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For Crying Out Loud
And I understand well now, it is beautiful
to be dumb: my tyrannical inclinations, my love
for the prodigal jocks aging from primetime
to pastime, the pixilated plain people and colored folk
with homemade signs. Cutouts, cutups, ambushes,
bushwackers. The clouds are overwhelmed
and vainglorious. MC Mnemosyne showed up
around midnight like the undetectable dew
weighing the leaves, and I was like Awww shit.
Why ain't I dead yet
like the man who wanted to be buried
with the multi-million dollar Van Gogh he bought?
(Members of The Arts League said No
because there was culture to be made into money.)
The volant statues of the aviary, the jabber-jawed
cable channels and the book in which nothing is written
but the words everyone uses to identify things
that can’t be identified. Not that I ain’t spent
the last ten years of my life refining my inner cyborg.
Interview questions included how did the DJ break his hands,
who’s gone bury the morticians who bury the dead,
And what to do about the sublime and awful music
of grade school marching bands?
Not that Neanderthals have a sense of the existential.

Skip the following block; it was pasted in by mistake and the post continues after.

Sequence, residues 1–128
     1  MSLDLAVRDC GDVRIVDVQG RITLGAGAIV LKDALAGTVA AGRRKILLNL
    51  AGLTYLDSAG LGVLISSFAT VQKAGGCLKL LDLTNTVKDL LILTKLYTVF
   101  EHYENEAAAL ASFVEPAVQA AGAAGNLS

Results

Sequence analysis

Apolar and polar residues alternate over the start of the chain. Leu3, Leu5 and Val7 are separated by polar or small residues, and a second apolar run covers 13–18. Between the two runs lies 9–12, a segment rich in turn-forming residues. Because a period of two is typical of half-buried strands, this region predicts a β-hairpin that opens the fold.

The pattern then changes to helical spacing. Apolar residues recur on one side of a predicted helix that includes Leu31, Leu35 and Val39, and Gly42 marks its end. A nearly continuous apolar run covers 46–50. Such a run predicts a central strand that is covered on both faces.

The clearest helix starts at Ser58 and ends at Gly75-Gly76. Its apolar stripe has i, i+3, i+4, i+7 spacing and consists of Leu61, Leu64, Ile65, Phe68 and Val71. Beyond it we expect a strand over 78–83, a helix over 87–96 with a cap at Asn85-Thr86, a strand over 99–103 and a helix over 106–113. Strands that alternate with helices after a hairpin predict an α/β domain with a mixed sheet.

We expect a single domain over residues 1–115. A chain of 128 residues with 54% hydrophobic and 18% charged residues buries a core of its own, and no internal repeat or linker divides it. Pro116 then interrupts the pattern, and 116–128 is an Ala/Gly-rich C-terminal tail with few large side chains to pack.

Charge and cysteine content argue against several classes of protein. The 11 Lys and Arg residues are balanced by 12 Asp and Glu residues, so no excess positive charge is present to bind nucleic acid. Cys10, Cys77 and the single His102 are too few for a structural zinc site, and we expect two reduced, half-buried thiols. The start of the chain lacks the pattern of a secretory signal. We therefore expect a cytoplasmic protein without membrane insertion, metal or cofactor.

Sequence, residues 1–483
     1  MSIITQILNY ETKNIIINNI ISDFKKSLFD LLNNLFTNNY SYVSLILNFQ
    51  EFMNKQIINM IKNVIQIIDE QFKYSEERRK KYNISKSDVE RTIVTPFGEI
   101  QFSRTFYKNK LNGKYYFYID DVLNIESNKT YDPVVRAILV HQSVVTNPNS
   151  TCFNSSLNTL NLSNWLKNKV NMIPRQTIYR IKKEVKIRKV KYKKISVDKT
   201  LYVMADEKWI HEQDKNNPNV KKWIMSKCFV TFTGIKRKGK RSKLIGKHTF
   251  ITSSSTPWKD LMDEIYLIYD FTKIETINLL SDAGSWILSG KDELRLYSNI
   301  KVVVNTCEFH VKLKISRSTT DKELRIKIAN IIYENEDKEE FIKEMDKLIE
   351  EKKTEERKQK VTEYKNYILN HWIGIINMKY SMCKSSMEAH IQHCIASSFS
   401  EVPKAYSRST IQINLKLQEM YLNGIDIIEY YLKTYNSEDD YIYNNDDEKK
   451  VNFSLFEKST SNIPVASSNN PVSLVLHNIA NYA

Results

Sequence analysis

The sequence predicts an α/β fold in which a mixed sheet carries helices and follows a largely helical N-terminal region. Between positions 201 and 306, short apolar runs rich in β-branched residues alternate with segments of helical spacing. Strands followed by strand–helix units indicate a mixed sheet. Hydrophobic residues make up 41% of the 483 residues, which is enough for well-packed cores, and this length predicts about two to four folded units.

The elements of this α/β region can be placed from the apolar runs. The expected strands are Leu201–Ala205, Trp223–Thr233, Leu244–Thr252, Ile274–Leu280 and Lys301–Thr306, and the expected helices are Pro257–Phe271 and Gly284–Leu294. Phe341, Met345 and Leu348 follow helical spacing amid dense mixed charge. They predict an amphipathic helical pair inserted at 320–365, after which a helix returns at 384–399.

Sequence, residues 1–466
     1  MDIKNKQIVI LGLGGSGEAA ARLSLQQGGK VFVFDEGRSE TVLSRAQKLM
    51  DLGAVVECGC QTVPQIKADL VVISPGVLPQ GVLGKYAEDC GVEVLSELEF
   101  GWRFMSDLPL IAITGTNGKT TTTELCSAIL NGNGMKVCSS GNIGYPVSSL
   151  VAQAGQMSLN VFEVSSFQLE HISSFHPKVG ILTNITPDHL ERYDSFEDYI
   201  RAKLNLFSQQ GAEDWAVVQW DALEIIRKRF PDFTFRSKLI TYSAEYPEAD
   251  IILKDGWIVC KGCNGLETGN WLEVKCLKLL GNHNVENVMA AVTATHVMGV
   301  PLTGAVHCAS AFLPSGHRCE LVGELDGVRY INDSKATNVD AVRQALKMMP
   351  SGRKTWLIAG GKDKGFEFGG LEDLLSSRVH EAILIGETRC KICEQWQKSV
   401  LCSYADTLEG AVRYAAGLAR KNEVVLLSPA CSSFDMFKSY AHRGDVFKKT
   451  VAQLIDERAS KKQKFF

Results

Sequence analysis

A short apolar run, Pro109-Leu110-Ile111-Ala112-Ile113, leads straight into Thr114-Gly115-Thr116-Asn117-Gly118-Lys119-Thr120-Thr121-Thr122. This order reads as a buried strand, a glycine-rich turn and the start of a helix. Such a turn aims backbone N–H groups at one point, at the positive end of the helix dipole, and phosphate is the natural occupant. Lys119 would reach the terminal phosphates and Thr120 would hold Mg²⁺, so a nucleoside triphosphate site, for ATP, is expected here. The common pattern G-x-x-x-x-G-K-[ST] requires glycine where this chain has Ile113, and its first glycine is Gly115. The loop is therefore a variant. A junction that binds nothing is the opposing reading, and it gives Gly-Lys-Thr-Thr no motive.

Me and my forty-leventh cousins lolling, and LOL-ing
like chthonic chronic smoke, like high-water suit pants
and extreme quiet. Everybody clap ya hands.
Like fit girls in fitted outfits, misfits who don’t cry enough,
who definitely don’t sob, but keep showing up sighing.
Everyone loves to identify things that have not been identified.
The rabbit hole, where ever I find it, symbolizes solitude.
So that’s exciting. And an argument can be made
on behalf of athletes, rap stars, and various other brothers
who refuse (click here for the entire video)
to wear shirts in public when one considers the beauty
of a black torso. If and when the dashiki is fashionable
again I will sport it with the aplomb of a peacock plume.
For now, I have a row of coin-sized buttons tattooed
down my chest so it looks like I mean business
when I'm naked. I know that means a lot to you.
The 2010 winner of the National Book Award in poetry, Terrance Hayes is the author of five poetry collections. He currently serves on the Board of Chancellors of the Academy of American Poets.